Last fall, American diplomats received grim news that border guards in Saudi Arabia, a close U.S. partner in the Middle East, were using lethal force against African migrants who were trying to enter the kingdom from Yemen.
The diplomats got more detail in December, when United Nations officials presented them with information about Saudi security forces shooting, shelling and abusing migrants, leaving many dead and wounded, according to U.S. officials and a person who attended the meetings, all of whom spoke on condition of anonymity since they were not authorized to speak to journalists.
In the months since, American officials have not publicly criticized the Saudis’ conduct, although State Department officials said this past week, following a published report of the killings, that U.S. diplomats have raised the issue with their Saudi counterparts and asked them to investigate.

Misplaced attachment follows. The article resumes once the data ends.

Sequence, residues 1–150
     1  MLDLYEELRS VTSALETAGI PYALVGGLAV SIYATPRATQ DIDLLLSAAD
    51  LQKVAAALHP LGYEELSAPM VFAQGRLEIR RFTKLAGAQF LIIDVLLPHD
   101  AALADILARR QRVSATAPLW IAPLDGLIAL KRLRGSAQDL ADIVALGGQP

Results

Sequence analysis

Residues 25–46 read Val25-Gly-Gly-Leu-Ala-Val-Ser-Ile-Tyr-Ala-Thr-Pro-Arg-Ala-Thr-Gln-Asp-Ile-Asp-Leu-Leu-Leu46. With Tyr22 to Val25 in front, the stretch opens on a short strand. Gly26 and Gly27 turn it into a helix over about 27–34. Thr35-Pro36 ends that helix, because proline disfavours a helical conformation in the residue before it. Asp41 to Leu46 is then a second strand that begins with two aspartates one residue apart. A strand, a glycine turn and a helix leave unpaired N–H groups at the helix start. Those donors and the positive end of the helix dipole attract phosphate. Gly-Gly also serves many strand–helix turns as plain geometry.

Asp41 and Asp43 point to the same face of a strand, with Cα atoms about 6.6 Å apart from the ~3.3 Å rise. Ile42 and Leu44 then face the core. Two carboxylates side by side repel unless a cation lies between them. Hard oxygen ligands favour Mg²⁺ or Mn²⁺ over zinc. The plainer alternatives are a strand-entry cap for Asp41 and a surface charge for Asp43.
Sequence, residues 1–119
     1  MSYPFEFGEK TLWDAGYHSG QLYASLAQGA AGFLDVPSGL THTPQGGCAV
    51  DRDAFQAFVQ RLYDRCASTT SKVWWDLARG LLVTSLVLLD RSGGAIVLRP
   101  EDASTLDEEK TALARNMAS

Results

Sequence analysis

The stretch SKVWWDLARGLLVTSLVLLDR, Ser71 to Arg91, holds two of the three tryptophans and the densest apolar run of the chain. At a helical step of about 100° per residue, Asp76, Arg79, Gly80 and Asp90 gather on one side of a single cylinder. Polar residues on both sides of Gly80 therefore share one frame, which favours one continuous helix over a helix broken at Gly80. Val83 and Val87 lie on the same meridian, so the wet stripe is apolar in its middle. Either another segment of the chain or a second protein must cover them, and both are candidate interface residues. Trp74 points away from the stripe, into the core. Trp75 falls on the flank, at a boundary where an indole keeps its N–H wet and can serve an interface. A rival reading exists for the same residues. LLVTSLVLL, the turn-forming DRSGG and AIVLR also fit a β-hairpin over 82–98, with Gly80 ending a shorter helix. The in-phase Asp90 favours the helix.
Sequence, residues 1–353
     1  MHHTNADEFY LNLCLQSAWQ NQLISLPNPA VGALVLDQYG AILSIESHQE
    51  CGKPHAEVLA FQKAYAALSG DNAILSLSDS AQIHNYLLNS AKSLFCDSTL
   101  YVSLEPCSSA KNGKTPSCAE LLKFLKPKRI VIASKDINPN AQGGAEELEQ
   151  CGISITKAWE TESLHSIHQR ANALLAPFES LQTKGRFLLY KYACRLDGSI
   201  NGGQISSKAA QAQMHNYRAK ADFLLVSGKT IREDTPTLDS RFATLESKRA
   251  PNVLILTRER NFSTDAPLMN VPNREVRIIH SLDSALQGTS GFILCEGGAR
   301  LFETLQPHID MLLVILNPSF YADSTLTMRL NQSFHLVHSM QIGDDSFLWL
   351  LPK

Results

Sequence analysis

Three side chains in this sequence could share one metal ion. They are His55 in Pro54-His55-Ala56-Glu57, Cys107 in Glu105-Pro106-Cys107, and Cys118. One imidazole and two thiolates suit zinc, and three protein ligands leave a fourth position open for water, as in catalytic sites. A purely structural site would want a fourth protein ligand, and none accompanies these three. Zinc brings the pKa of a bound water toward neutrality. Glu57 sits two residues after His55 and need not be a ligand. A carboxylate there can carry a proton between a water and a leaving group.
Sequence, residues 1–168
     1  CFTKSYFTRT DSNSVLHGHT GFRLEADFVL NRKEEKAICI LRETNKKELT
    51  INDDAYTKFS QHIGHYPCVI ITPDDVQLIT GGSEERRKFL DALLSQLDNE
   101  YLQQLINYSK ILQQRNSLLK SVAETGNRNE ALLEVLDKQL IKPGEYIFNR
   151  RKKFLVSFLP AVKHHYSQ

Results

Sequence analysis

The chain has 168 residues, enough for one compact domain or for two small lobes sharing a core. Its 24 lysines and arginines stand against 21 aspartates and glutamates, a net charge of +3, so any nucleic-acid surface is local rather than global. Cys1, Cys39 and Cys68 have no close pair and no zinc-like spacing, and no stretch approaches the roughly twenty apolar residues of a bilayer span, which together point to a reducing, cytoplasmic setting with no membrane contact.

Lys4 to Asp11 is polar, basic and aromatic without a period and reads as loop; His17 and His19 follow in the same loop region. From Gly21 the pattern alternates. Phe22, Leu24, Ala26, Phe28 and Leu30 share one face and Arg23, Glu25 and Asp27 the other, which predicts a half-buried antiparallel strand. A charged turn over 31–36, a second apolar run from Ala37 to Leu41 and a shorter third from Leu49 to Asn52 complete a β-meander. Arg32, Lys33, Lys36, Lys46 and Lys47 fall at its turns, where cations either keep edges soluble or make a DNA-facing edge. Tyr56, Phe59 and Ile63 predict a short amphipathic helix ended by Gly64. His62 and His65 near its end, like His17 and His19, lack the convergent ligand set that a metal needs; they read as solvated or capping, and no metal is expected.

It remains unclear whether those discussions have affected Saudi actions.
The Saudi security forces’ violence along the border came to the fore in a report by Human Rights Watch on Monday that accused them of shooting and firing explosive projectiles at Ethiopian migrants, killing hundreds, and perhaps thousands, of them during the 15-month period that ended in June.
United Nations, State Department, Saudi, Human Rights
Saudi Arabia, U.S, Yemen, Saudi